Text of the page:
Last updated on January 25th, 2023 at 04:05 pm

Chris Menkhaus - Why Your Hygiene Department Isn't Growing Like it Should Be - The MGE BlogTo start things off, I have a question for you:

What would you think of a restaurant where only 10 or 20% of the people ever go back?

You’d think that it isn’t a very good restaurant or something must be wrong with the food, right? A good restaurant or successful business makes people want to come back or continue using their service.

Most traditional companies like Target, Starbucks, airlines with frequent flyer miles, etc, get most of their business from repeat customers. Their advertising and expenditure is typically based around making these customers happy and encouraging them to come back regularly.

Imagine, for a minute, that we own stock in Starbucks and we have to decide whether or not to sell it based on the CEO’s business plan for the next quarter. The business plan he presents is to focus primarily on selling coffee to a bunch of people who don’t currently drink coffee. Obviously I’m not giving stock advice, but we’d probably sell our stock. There are plenty of people who already drink coffee and already enjoy Starbucks. Coming up with ways to hold onto these customers and bring them back into Starbucks to buy more coffee is a much easier and more effective way to increase revenue.

Now let’s turn this around to look at your dental practice.

Taking care of the patients who come to you already should be your first priority. Getting these patients to keep coming back for recall—so you can maintain their oral health and find and fix issues as they arise—should be the main focus of your practice.

As a quick note, all the training your team needs for running an effective recall program and building a highly profitable hygiene department is available on our online training platform at www.DDSsuccess.com. I highly suggest checking it out and scheduling a free demo.

If Patients Aren’t Coming Back, It’s a Customer Service Issue

If patients aren’t coming back for their hygiene visits/checkups, then you need to treat it as a customer service issue—with either your admin staff or hygiene area.

(If you’d like to determine the exact percentage of your patients that are compliant with their hygiene schedule and see how it matches up, you can use the “Hygiene Formula” outlined in this blog post by MGE’s COO, Jeff Blumberg.)

Now, if the percentage of patients keeping their hygiene schedule in your office doesn’t match up well…don’t blame your locale or the type of patients you see. That’s not the real problem. Somewhere the dental experience in your office is breaking down.

This may be news to you, because you might not have heard any complaints from patients. You know that your clinical work is good and you might not have gotten any poor feedback at all regarding the staff or office… but something is still going wrong.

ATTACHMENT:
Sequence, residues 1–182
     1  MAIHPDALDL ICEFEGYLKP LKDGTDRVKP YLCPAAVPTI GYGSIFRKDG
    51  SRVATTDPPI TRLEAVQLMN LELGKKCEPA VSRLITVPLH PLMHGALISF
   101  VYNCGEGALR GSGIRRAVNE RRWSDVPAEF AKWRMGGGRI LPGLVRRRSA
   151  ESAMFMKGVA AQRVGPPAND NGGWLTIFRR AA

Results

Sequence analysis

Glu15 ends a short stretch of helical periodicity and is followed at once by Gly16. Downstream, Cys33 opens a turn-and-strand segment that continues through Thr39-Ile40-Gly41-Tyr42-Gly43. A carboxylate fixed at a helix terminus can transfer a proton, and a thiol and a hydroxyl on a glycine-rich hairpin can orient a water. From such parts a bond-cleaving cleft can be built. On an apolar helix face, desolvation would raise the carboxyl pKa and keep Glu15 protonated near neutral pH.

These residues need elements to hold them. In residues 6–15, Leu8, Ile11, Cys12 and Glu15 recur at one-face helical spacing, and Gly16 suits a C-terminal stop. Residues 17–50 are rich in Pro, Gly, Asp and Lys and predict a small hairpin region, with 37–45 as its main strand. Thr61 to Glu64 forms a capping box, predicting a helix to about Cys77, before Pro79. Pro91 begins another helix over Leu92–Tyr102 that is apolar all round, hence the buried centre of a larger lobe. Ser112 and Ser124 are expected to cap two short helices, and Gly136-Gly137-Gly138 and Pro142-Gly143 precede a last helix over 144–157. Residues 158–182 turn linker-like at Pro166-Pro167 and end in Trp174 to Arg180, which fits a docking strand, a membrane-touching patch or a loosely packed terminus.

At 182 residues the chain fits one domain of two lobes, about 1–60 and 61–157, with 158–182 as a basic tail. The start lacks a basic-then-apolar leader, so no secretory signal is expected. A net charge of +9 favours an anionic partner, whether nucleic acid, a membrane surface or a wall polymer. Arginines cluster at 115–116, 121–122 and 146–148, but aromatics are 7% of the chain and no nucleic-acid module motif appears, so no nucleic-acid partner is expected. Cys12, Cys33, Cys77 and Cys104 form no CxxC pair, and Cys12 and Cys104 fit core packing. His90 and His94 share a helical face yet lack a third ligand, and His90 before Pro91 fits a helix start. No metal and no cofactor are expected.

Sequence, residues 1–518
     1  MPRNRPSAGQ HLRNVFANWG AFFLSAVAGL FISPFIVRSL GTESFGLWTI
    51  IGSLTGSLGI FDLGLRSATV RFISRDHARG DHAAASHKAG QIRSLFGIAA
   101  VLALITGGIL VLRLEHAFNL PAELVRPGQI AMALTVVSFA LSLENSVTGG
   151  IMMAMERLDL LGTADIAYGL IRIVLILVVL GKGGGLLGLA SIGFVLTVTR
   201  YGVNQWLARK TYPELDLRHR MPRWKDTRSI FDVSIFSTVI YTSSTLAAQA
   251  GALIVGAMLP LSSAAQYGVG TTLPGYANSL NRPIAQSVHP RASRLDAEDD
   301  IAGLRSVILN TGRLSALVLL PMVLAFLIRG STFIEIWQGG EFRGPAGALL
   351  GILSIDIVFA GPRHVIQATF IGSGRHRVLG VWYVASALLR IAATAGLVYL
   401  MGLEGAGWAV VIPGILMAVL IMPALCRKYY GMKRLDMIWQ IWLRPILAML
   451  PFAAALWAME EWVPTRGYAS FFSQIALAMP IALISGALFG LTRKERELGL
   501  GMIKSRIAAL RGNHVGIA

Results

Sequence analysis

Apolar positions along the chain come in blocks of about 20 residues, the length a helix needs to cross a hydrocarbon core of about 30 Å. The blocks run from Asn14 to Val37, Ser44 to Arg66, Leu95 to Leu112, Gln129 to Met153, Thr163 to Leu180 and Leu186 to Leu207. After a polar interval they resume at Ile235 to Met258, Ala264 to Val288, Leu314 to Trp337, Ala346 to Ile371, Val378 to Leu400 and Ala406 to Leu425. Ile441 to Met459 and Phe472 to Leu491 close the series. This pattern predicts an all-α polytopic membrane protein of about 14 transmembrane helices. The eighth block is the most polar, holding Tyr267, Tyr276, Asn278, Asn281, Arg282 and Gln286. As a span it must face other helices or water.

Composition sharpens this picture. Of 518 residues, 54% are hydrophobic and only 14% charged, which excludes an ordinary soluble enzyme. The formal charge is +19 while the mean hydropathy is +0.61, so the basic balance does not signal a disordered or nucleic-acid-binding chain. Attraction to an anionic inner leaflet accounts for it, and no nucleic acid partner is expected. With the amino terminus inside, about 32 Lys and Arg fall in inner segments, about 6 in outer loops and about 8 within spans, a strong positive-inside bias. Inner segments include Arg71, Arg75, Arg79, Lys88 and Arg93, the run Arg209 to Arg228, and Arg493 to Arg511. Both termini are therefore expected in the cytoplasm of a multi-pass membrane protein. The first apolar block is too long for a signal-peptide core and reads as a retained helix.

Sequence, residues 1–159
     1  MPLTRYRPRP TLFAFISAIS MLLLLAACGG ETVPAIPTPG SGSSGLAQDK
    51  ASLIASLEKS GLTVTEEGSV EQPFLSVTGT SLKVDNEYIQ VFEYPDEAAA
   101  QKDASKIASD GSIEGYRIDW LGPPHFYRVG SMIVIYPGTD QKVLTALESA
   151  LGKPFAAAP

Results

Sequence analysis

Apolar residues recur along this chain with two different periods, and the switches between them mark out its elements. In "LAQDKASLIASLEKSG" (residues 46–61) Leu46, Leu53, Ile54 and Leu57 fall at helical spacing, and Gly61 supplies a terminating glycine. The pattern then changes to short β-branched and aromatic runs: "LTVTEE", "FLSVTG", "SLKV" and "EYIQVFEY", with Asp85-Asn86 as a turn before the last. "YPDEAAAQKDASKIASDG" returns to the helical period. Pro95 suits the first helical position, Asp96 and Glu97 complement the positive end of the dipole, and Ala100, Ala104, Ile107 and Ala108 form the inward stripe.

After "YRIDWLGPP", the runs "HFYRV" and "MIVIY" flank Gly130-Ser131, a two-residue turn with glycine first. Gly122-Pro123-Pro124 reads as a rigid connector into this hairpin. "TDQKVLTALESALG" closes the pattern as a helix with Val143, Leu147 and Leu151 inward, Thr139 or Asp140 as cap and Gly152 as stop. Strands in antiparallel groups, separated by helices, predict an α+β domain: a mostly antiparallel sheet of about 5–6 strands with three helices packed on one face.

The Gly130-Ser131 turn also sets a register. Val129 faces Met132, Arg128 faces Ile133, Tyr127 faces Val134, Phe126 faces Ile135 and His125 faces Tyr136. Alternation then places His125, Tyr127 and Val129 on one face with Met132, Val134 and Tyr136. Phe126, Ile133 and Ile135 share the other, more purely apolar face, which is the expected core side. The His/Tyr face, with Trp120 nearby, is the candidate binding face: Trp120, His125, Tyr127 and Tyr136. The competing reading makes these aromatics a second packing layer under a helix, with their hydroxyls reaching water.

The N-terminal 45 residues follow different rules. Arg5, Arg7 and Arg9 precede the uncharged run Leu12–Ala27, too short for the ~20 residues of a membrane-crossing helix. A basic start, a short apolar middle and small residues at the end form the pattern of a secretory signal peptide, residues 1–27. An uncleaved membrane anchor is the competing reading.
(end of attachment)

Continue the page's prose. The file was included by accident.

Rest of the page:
Consider it like this.

Most people, when they go eat at a restaurant and the food and service isn’t up to par, they don’t go find the manager to complain or make a scene…they simply don’t come back. It’s no different with a patient that’s not coming back.

And I know that a restaurant is not the same as a dental practice. But I’m telling you that this issue is the same. When people don’t come back, there is something missing from the service.

The Most Common Problems in a Hygiene Department

So where should you look in order to make improvements? Well, here are the most common places where customer service and recall programs break down in a hygiene department:

Simply put…a poor attitude.

It all starts with having a friendly attitude and being attentive to the patient, in both the front office and in the back office. This is a general customer service matter, which I cover more in depth in my article How to Create First-Class Customer Service in a Dental Office.

Not being persistent enough.

Why Your Hygiene Department Isn't Growing Like it Should Be - The MGE BlogThis is really a matter of caring about the patient and taking personal responsibility for helping them get healthy. I’ve seen many offices that, as a rule, attempt to call overdue patients three or four times and then deactivate them. But if this was a family member or a close friend, who you really cared about on a personal level, would you just call and leave a message a few times over the course of a year and then forget about them forever?

Of course not!

Besides the fact that we don’t recommend ever “deactivating” charts (unless the patient has asked you not to contact them or has moved away or passed away), you should be doing more to remind these patients and follow up with them. Many times, when someone misses an appointment or doesn’t show up for a while, it’s not malicious or because they don’t want to see you anymore–they just need a little more TLC to get scheduled and back into the office.

And specifically regarding reactivating overdue patients, I highly recommend using MGE’s Reactivation Program, which can be downloaded here and an MGE consultant can help you implement it, free of charge.

Lack of an effective recall system.

If you’re experiencing a lot of missed appointments, the problem might be that you don’t have a good recall system. There are many appointment reminder and confirmation services and softwares out there, but regardless of what software you use, you must also have a good system that the front desk can use to ensure patients show up for their appointments. At MGE we’ve found what works best over the years, and we can help you out with it if you contact us at (800) 640-1140 or sign up for online courses at www.DDSsuccess.com.